SEA Games: S'pore's new track star

SEA Games: S'pore's new track star
Smriti Menon with her 4x100m relay team colleagues (from right) Wendy Enn, Shanti Pereira and Eugenia Tan.

She's only 17 and on track to becoming a regional athletics star. Just last month at the Taiwan Open Athletics Championships in Taipei City, Mumbai-born Smriti Menon and her 4x100m relay sprintmates broke the Singapore national record twice - 46.44 seconds in the heats and shaving off another 0.26sec with 46.18, when they finished third behind Thailand (45.42) and Indonesia (45.88).

This month, she is looking forward to being part of a rare breed of Indians wearing Singapore colours in the SEA Games as it comes to town from June 5 to 16, after a 22-year hiatus. Singapore last hosted the biennial Games in 1993.

"I feel very honoured to be given the opportunity to don Singapore colours in such a prestigious competition, as the anchor (last leg runner) in the 4x100m relay," she says. "I must admit we have a tall order for the SEA Games relay medal. Thailand is fancied as they won the gold at the 2013 SEA Games. But believe me, we're going to give it our best shot before the home fans, and if we get our baton-passing right, anything can happen. We can pull off a big surprise."

With a fiery, disciplined tone in her voice, the teenager notes: "Through all my years of training I've learnt that nothing is achieved without hard work. There definitely is blood, sweat and tears but it is all worth it when you achieve the goals you set for yourself.

"Until last September I still wasn't able to run a sub 13sec for 100m in any of my competitions and it really started to bother me. I remember after my run in the Singapore Open 2014, I ran a 13.2sec and I was so disappointed with myself and just could not understand why I wasn't able to run below 13sec even after training hard.

"I almost felt like giving up. Then came the Singapore Under-23 Open where I told myself to just apply all that I had learnt in training, and to do my best. I came in second in that 100m race, running 12.78sec. I had finally broken the 13sec barrier!"

Sports and dance

Smriti comes from a family with interests in sports and dance.

"My maternal grandfather excelled in school athletics and swimming. My mother took part in running races in Mumbai school-relay competitions and my father is still active doing half-marathons here.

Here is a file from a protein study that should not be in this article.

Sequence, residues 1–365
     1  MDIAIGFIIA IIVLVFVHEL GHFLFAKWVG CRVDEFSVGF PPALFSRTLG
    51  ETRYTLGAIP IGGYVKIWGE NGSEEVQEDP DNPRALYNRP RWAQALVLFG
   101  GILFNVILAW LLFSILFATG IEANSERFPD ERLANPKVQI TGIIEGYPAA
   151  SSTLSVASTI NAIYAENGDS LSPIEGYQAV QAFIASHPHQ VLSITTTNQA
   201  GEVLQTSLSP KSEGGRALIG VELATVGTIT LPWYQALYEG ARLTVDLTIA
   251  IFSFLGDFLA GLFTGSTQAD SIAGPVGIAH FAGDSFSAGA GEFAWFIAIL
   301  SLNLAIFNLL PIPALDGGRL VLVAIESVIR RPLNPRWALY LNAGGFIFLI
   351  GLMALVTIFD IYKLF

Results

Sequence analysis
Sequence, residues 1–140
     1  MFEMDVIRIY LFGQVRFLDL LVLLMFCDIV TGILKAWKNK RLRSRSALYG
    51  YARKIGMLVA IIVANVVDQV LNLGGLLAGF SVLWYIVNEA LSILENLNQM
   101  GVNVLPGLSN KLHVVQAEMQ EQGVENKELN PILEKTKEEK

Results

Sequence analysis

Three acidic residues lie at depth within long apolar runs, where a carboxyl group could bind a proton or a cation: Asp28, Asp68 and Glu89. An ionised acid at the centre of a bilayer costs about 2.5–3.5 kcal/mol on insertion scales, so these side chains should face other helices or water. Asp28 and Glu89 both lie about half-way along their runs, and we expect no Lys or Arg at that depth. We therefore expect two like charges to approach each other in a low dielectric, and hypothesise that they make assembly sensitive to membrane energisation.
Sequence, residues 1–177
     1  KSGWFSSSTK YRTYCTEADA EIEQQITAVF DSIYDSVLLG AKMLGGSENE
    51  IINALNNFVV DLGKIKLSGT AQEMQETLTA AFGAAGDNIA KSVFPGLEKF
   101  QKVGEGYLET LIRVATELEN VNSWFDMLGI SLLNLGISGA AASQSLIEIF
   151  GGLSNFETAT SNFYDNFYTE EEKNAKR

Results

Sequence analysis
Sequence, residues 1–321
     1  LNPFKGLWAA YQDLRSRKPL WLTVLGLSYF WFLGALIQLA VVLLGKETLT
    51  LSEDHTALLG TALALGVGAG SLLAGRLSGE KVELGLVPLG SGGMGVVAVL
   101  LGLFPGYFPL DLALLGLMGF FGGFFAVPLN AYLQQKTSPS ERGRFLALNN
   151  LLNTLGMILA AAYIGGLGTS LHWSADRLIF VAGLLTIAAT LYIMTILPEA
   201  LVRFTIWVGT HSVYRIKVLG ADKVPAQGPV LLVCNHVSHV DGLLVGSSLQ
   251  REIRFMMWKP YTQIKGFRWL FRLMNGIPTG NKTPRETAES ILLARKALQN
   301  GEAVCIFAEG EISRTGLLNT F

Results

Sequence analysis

In general, we enjoy sports as a family and this has encouraged me to take athletics seriously."

Her father, Mr Mahesh Menon, 47, is president of the cotton division at Olam International. He and his wife, Prasanna, 42, a homemaker, hail from Chittur in Kerala's Palakkad district. He recalls: "Smriti, our only child, was very hyperactive, somersaulting on beds at five,

and we maximised her early highly-energised potential. She now trains very hard and, over the last one year, she has developed into a rising international sprinter. We're very proud of her."

Smriti, who arrived in Singapore when she was six months old, also has a natural flair for the classical bharatanatyam dance, which she says has helped her in her sport.

"My mother was also an avid bharatanatyam dancer and I guess the passion for this dance form has been passed down. I started when I was seven but had a few breaks in between as I changed teachers. Bharatanatyam has definitely made me stronger, which does help with sports. The various postures in bharatanatyam strengthen many muscles like the quads."

According to her, bharatanatyam has the same benefits as another ancient exercise form, yoga, if followed correctly. It reduces body fat and strengthens muscles and vital organs like the heart and lungs. The steps are designed to strengthen the back, abdomen and pelvic floor muscles and help in easing backache, she says.

"I will encourage every teenager to pick up the classical dance as the steps will improve flexibility of the body and increase muscle and joint strength, which are very important if you're intending to pursue other forms of sports, as I did with competitive athletics."

The ultimate dream of a teenage classical dancer is to do the arangetram (the debut onstage performance) and the Grade 11 student at Overseas Family School, an international school, has set her mind on doing it after her International Baccalaureate exams, "perhaps the end of next year".

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